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Upgrades, improvements help GPIWA better serve

August 14, 2019
By ED FRANKS ( , Pine Island Eagle

It's easy for the public to take drinking water for granted. All you have to do is go to the kitchen sink or the dispenser in the refrigerator door and you have an endless stream of safe, clean water.

Public drinking water has been regulated by the federal government since 1974. The law authorizes the United States Environmental Protection Agency to set health-based standards for drinking water.

The Greater Pine Island Water Association has been supplying water to Pine Island and Matlacha residents since 1964.

Article Photos

The new 200 kW generator at the call center/business office.


"GPIWA started with just 495 members in 1964 and today we serve over 7,000 members," GPIWA director/manager Laurie Adams said. "There's a lot to do to keep the water flowing."

Adams has spent a long time in the safe water supply industry and came to Pine Island three years ago from Burlington, Vermont.

"I started there in charge of water testing and as positions came up through the years, I took them and moved up," Adams said. "I spent 33 years with the Burlington water system and decided it was time to downsize. That's how I came to Pine Island."

Adams first Pine Island/Matlacha project was to upgrade the water system in Charlotte Shores.

"As systems get old, they're prone to breaks," Adams said. "The older they get the more breaks there are. Charlotte Shores went from old pipes with no fire protection to all new main lines and a full system up to the meter, plus full fire protection."

Additional projects included the homes along Shoreview Drive and homes in Matlacha Isles.

"Both of these areas are being better served with much larger pipes," Adams said. "We went from 2-inch pipes to 8-inch pipes and added fire hydrants. These new systems should serve these communities for the next 50 years."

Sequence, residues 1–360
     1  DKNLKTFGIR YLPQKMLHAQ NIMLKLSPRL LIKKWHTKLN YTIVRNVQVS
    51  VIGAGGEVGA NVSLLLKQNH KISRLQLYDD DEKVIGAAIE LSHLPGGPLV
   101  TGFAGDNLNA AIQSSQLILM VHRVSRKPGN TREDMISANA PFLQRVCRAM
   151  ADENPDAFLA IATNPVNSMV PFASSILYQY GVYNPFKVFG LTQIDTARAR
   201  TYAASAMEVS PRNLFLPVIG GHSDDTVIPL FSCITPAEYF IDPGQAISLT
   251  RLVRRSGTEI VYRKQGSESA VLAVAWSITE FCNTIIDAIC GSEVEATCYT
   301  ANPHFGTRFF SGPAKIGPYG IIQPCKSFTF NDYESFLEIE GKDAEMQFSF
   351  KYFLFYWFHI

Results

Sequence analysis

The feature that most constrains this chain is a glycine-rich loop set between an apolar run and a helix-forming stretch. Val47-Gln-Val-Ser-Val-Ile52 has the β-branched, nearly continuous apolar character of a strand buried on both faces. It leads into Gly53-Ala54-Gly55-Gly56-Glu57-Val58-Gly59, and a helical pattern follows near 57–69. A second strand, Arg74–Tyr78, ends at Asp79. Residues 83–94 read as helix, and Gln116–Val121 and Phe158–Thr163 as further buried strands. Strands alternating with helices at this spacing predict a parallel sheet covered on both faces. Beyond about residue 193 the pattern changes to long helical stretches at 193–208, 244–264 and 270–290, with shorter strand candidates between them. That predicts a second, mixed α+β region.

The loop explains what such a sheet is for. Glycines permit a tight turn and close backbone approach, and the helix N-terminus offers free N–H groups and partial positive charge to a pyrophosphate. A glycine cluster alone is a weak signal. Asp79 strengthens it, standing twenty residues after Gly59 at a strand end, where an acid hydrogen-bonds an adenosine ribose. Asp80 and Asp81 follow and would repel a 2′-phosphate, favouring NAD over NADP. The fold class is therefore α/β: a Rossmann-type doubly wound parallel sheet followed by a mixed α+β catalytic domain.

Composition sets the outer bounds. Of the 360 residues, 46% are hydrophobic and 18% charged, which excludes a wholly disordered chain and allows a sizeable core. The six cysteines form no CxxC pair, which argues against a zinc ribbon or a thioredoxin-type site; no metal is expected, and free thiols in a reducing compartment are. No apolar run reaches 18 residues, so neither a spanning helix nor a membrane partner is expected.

GPIWA is a reverse osmosis system.

Reverse osmosis is a water treatment process that removes contaminants from water by using pressure to force water molecules through a semipermeable membrane. During this process, the contaminants are filtered out and flushed away, leaving clean, drinking water.

Since Adams arrived three years ago, the RO chemical feed systems have all been upgraded, new pumps have been installed for water processing and delivery to the distribution system and significant upgrades to technology have been made to allow control of remote operations from the plant.

"One important addition is a new 600kW generator was installed at the main plant," Adams said. "We used this generator during Hurricane Irma and several times since when there were power outages. We also installed a new 200 kW generator at the call center/business office. These improvements allow GPIWA to not miss a beat at this location which pumps water from the 3 MG storage tank on-site."

GPIWA has recently received approval for a Limited Development Order for an equipment storage building next to the business office. Construction will begin later this year.

"GPIWA is governed by a board of directors consisting of nine members of the association," Adams said. "We are always in the process of maintaining and improving service to our customers and the board and I strongly believe in investing in our future."

Anyone interested in learning more about GPIWA should visit the website or call the main office.

The GPIWA office is at 5281 Pine Island Road Bokeelia. Hours are Monday through Friday, 8:30 a.m. to 4:30 p.m. Visit the

website at or call 239-283-1071.



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